The mystery readers on a Cooper Square facade

Boutique-ization is running wild in Cooper Square these days. Luckily some wisps of a much older Cooper Square haven’t been bulldozed and turned into shiny hotels.

The lovely bas relief below graces the entrances at numbers 34-36.

It depicts a Goddess-like woman lying back beside an oil lamp, an open book balanced on her knees.

So why the visual reference to knowledge and literature? A little digging into the building’s history doesn’t turn up any answers.

The Renaissance Revival structure apparently had nothing to do with Cooper Union up the street; it was built in 1894 as a warehouse, according to this 1999 NoHo Historic District report. Today, it’s the home of the Village Voice.

An alternate address, 394-396 Bowery, matches that of the Boston Excelsior Store, reveals several early 1900s archived New York Times articles.

But what connection that store may have to books or learning remains unknown.

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7 Responses to “The mystery readers on a Cooper Square facade”

  1. T.J. Connick Says:

    Great American Salvage once operated (1980s) from that address. Retail-oriented sale of decorative architectural artifacts.

    Eighty years before, George F Moore had offices (showrooms?) at the address. They were in the decorative molding business.

    If it is on the ground floor, any number of tenants could have put it there. If the new tenant is indisposed to remove it or bury it, it stays. Landlord won’t make alterations unless he wants to be drummed out of the We Don’t Do a Thing that We Can Make Our Tenants Do Club.

  2. wildnewyork Says:

    Thanks TJ. I was hoping to uncover a connection to an old bookstore, or publisher, or even something related to Cooper Union. Alas, the reader is a mystery. Two identical figures grace the two entrances on the ground floor of the building.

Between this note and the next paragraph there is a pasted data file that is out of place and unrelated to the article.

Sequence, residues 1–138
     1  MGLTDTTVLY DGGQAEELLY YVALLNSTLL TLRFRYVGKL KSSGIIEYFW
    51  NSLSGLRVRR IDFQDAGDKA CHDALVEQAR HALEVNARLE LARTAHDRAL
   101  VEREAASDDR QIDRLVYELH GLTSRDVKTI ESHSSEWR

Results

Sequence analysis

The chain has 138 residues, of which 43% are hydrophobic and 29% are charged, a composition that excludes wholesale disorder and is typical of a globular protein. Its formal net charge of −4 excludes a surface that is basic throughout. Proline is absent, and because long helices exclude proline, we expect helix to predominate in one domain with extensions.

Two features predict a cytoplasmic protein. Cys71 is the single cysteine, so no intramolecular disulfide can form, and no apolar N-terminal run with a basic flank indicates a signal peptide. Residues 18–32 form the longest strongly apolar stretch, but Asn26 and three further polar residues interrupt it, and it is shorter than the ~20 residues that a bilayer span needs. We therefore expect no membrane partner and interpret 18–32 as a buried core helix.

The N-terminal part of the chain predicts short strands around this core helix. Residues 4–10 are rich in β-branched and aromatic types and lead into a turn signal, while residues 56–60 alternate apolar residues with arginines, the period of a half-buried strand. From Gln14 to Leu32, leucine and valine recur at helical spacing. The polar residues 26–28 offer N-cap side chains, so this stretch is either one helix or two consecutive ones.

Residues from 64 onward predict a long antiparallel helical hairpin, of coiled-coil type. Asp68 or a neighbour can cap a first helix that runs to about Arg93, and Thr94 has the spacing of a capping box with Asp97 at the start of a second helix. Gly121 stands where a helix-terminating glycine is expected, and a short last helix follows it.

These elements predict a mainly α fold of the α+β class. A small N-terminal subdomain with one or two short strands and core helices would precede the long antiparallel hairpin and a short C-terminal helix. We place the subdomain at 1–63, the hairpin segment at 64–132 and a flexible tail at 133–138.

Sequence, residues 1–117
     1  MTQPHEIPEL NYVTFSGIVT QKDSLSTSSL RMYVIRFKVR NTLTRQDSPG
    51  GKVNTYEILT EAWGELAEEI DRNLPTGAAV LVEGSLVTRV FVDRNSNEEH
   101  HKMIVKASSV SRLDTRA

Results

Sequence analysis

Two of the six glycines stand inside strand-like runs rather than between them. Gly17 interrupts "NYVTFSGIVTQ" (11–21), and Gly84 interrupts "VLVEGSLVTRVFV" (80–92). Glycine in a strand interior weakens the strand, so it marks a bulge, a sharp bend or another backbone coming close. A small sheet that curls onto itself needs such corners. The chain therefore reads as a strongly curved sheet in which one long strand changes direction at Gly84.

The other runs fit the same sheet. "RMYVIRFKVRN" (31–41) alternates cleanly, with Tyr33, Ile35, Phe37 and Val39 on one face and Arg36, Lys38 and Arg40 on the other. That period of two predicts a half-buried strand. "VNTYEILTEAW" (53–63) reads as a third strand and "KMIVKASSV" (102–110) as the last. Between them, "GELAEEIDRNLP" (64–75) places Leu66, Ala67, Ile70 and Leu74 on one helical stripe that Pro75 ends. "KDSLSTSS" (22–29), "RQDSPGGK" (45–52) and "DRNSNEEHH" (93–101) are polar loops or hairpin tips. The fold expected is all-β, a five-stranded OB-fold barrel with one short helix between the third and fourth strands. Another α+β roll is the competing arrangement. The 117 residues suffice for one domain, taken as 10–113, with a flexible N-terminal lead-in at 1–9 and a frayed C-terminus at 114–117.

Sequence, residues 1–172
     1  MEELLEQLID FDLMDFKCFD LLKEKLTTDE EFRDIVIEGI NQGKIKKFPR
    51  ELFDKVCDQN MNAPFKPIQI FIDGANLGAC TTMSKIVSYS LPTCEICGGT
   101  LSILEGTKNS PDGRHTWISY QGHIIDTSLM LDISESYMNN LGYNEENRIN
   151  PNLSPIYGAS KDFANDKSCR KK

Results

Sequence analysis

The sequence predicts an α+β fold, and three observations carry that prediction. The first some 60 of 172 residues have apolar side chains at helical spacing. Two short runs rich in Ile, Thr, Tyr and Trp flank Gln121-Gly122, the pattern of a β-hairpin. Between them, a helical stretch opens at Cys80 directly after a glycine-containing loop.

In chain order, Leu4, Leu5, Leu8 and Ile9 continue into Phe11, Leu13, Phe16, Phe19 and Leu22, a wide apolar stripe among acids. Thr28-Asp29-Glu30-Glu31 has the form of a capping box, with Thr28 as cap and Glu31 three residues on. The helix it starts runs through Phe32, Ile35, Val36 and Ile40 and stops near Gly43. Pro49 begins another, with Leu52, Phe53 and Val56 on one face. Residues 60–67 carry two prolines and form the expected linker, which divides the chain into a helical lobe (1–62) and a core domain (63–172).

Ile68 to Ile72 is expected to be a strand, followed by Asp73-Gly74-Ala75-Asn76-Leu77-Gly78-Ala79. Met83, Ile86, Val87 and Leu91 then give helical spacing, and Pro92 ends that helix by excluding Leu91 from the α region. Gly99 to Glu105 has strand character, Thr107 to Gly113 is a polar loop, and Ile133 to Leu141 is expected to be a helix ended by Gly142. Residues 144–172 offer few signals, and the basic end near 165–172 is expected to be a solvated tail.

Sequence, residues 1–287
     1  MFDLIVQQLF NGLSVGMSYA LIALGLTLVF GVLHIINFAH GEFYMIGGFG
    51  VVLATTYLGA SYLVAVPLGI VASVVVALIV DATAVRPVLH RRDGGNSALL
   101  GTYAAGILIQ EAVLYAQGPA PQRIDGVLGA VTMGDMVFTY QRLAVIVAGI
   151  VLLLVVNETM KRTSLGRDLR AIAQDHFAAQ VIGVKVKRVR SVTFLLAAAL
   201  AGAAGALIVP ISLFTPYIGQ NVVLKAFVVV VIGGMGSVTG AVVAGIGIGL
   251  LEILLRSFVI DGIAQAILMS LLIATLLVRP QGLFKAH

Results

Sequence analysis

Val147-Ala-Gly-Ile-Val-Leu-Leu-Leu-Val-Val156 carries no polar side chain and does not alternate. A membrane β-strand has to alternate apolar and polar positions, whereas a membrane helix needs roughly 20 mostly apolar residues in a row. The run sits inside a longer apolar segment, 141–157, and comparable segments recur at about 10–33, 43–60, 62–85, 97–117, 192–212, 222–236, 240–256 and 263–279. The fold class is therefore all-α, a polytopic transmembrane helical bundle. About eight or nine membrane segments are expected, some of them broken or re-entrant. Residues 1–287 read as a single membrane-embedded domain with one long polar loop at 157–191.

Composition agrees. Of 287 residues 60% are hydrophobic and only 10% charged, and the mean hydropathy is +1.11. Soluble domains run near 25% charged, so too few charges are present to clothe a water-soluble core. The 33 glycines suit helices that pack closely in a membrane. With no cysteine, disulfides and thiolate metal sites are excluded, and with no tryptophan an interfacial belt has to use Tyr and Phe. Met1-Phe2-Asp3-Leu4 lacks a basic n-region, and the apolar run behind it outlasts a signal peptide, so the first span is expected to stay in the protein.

3. Sean S. Says:

    Astor Place a hundred years ago was home to many book publishers/printers. This building, around the corner, was likely part of that enterprise.

    Incidentally, overruns of books were sold to the book dealers that up until the 70s/80s abounded near the printers on Broadway, Third and Fourth Avenues.

    Strand is about all that remains of that second-hand book industry.

  4. Maury Schott Says:

    The only connection I could think of is excelsior is another term for wood wool, which is currently used for packaging, some filters, etc. It used to be what Easter baskets had in them. I found a NY TImes article about a fire from 1903 saying the fire was difficult to fight because of the large amount of “excelsior and cotton” stored in the building. I wonder if the company produced packaging for the nearby publishers, or perhaps at the time excelsior was used to produce book covers.

  5. Seen and Heard Around the Village 8.20.11: East Edition Says:

    […] minds ponder the meaning behind the bas relief on the Village Voice building (Ephemeral New […]

  6. Seen and Heard Around the Village 8.20.11: East Edition – Village Preservation Says:

    […] minds ponder the meaning behind the bas relief on the Village Voice building (Ephemeral New […]

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